I’m glad someone else see’s that Eeyore is commenting on the human condition……

        Comment by magpie11 — July 13, 2014 @ 00:04 | Reply

  3. Self help? My advice is simple – find an album you like, put on headphones and let ‘er rip.

    Comment by shackman — July 7, 2014 @ 12:18 | Reply

    • Know what you mean, Shackman. To some extent I envy people who do what you do. My son, nephews and male friends are like that. I am not. I live a life of quiet, what I call ‘natural’ noises. Say outside my study’s open windows: Chattering voices, laughter, a child crying, a van passing, a motorbike soaring.

      For some reason I can’t concentrate when music fills the air. Other than [concentrate] on the music. Which is not helpful when trying to work.

      Having said that: It’s, and I find it odd, usually in the middle of the night I don said headphones and let whatever takes my fancy rip. Other than that my son sits me down, as my father used to do, and MAKE me listen to music – not just sound but lyrics. And that’s when I live in that moment and don’t DO anything else.


      Comment by bitchontheblog — July 10, 2014 @ 13:42 | Reply

  4. Not only is it very hard work writing a book, it’s not even a money-spinner. I was reading today that the average income for a writer is around £11,000! As for self-help books, isn’t that an obvious contradiction? If you can help yourself, why do you need someone else to tell you how to do it? And as for Proust, I’ve never managed to struggle through more than a few pages of his laborious prose.

    Comment by nick — July 8, 2014 @ 19:09 | Reply

    • To be fair to those who write self help books: It’s to cut out the middle man. Be that a shrink or domestic help. So what you do is: You buy and read a self help book and try to implement. Emphasis on ‘try’. Then you find yourself a shrink whilst your domestic helps keeps the place ship shape.

      I don’t find Proust laborious. I’ll try and find a particular title which I think might appeal to you. Can’t remember this minute. Short pieces. Full of celebrating the joys of life. Will let you know.


      Comment by bitchontheblog — July 10, 2014 @ 13:31 | Reply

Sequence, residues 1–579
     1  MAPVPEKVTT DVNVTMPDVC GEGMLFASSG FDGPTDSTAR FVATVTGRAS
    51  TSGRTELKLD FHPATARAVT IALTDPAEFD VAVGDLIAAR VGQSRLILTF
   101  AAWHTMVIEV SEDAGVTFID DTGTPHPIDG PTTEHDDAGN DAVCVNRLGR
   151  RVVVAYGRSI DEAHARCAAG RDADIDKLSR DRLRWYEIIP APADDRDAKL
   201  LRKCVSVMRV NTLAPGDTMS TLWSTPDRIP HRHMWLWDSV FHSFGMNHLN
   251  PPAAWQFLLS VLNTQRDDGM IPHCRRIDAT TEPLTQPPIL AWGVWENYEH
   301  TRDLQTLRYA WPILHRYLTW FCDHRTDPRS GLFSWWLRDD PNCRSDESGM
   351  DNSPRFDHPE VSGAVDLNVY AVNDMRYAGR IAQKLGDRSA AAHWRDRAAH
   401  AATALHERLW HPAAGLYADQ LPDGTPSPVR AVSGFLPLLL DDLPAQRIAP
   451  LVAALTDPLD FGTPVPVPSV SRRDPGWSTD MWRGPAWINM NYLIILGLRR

5. Writing a book can be, though often isn’t, very therapeutic. I think my next one is going to be titled, “Little Men, Big Problems.” 😉

    Comment by Lorna's Voice — July 9, 2014 @ 18:07 | Reply

    • Whilst Woody Allen does amuse me I have never gone for “little” men. Which, no doubt, is the reason I have had few problems.


      Comment by bitchontheblog — July 10, 2014 @ 13:23 | Reply

      • Neither have I (gone for them). But I’ve had to work for them. Enough said…

        Comment by Lorna's Voice — July 10, 2014 @ 18:08 | Reply

        • I don’t know about Proust but I do find Dickens’ prose atedious for some reason.

          Comment by magpie11 — July 13, 2014 @ 16:40 | Reply

          • Hw’d that get there? It was in repy to Nick….

            Comment by magpie11 — July 13, 2014 @ 16:41 | Reply

          • 🙂

            Comment by Lorna's Voice — July 16, 2014 @ 14:35 | Reply

        • Working for little people of either gender is not good.

          Comment by magpie11 — July 13, 2014 @ 16:42 | Reply

  6. Self help?
    Ask a mate
    Don’t buy a soddin book

    Comment by John going gently — July 9, 2014 @ 21:47 | Reply

    • Good advice, John. However, there are mates and there are mates. I have learnt to my cost when to better keep myself to myself. However, trusting soul that I am I do have a reserve team. No, not on the back bench. Middle fielders, front players and goal keepers. People I know, by gut feeling, who will not let you step into the next invisible cow pat. People who whilst they might come down on me like a bucket of manure I’d trust with my life (yes, you included – why do you think I applied for a place in your chicken coop?).

      By way of example: Though, for obvious reasons, my son is a lot younger than me I do take his advice. I don’t always seek it. He gives it to me anyway. And doesn’t mince his words – like most people I attract into my life. And that’s good. He cuts through the crap. Doesn’t always make for good hearing. Boy oh boy, I sometimes wonder where I was all those years in the interim.

      Bunty greetings (not that I am as big as your latest acquisition),


      Comment by bitchontheblog — July 10, 2014 @ 13:19 | Reply